Tampa, Florida
Tampa, Florida

HOA Manager: Does Hiring One Help Your Community Association?

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Having an HOA manager by your side can make a huge difference in successful community management. A manager is trained and experienced in HOA management and executes actions with professionalism and fairness – things that amateur board members may struggle with.


What Is an HOA Manager?

An HOA manager is a trained third-party professional hired by an HOA or its board of directors to perform tasks, assist the board, and manage the association. Another term for an HOA manager is a community association manager or community manager.

In several states, HOA managers must possess a license to practice. In Florida, most circumstances require community association managers to be licensed to perform their duties. Those who wish to secure a license in Florida must undergo certain requirements, including education, an examination, and an application.

Sometimes, an HOA manager works independently. That means an HOA can hire the manager as a standalone individual. More often than not, though, managers work through homeowners association management companies. These HOA management companies hire managers and assign them to client communities.


What Does an HOA Manager Do?

There is some confusion regarding the nature of an HOA manager’s position. So, what is the primary responsibility of a community association manager? An HOA manager is largely in charge of the association's day-to-day operations. That can encompass various tasks – all contributing to the community's success.

Here are the typical responsibilities of an HOA manager.

1. Administrative Work

An HOA manager usually handles the administrative tasks related to association management. This includes scheduling meetings, handling paperwork, and maintaining the community website. If an HOA hires the manager through a management company, the company normally has a separate team that deals with back-office administrative work.

2. Budgeting, Collections, and Reporting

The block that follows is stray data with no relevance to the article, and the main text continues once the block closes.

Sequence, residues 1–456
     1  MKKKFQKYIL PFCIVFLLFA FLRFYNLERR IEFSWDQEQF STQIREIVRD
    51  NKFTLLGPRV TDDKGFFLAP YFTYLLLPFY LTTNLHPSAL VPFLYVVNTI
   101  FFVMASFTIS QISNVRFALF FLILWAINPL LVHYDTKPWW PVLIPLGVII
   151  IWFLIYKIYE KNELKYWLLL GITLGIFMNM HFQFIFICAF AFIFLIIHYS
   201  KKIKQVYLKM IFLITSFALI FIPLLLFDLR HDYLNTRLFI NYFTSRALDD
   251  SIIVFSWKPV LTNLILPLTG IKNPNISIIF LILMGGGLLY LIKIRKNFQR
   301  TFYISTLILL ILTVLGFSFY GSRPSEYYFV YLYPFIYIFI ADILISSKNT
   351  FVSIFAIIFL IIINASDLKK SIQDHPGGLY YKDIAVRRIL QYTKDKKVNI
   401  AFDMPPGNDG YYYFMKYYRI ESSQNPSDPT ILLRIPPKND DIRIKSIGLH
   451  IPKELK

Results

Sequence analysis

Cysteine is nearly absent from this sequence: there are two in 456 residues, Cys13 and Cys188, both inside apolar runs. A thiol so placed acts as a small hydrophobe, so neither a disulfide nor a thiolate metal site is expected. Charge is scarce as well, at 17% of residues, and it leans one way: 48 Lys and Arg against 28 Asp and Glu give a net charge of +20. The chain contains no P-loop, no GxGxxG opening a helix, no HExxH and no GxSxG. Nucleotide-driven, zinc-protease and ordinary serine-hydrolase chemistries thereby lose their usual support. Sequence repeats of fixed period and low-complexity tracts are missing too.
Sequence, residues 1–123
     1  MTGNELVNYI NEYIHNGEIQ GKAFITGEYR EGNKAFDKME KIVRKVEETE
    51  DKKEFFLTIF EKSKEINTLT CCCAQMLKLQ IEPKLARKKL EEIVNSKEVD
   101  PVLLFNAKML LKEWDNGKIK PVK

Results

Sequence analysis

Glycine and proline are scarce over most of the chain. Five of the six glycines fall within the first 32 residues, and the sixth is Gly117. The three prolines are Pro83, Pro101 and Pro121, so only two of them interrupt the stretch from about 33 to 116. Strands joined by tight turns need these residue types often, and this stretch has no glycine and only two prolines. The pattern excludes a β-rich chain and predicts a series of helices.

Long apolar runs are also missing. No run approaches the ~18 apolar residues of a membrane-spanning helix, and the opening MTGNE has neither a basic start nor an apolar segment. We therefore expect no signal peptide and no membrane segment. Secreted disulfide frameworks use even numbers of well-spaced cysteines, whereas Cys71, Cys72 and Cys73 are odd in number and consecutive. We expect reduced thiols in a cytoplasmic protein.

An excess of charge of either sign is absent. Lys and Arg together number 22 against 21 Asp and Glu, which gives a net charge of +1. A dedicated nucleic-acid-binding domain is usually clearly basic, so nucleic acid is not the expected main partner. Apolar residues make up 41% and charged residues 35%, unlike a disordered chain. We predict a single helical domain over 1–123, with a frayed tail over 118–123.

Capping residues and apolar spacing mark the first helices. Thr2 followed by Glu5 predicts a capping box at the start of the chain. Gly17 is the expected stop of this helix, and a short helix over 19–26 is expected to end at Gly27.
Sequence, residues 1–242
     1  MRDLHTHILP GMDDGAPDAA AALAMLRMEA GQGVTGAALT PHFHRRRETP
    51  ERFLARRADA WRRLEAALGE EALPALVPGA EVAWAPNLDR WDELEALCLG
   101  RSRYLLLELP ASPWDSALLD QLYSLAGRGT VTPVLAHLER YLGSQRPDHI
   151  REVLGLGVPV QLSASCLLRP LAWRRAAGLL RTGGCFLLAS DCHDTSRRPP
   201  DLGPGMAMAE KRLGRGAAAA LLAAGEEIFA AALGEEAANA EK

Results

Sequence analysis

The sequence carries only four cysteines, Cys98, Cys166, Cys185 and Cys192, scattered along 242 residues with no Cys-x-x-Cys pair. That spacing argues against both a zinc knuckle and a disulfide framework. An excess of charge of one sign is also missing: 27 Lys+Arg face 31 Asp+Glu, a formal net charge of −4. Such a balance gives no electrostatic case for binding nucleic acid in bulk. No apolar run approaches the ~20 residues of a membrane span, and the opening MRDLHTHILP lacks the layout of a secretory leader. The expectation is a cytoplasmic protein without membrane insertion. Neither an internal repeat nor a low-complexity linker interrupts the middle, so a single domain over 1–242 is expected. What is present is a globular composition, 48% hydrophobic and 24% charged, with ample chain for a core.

The HOA manager helps the board with budget planning, ensuring the association is prepared for expenses. The manager also assists with dues collection, allowing homeowners to pay their dues through several methods. 

Delinquencies are a sore spot for many associations, with most boards having difficulty collecting unpaid dues. With an HOA manager, the board can delegate this job to a trained professional.

Additionally, the HOA manager provides financial reporting services. The manager or management company prepares the financial statements monthly and at the end of every fiscal year. These statements include but are not limited to the income statement, the balance sheet, and the general ledger.

Financial reporting services don’t stop there, though. The HOA manager also helps the board analyze the financial statements to gauge the organization's financial health and prepare for the future.

3. Vendor Coordination and Management

Most associations need the help of third-party vendors to carry out various tasks, such as cleaning, maintenance, and landscaping. The HOA manager’s job is to assist the board with the vendor selection process. This includes sending a request for proposal (RFP) and screening candidates.

The HOA manager also manages existing vendors, ensuring they complete their work on time and satisfactorily. If any contracts are up for renewal or termination, the HOA manager also helps the board with those.

4. Rule Enforcement

The HOA board is responsible for enforcing the rules, but it often needs help from the community manager. While the board reserves the final say, the manager can assist with other enforcement aspects. These include sending violation notices, conducting inspections for compliance, and scheduling disciplinary hearings.

5. Communication

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Communication is the key to a successful association, but most boards are too busy to ensure proper communication. This is where an HOA manager comes in.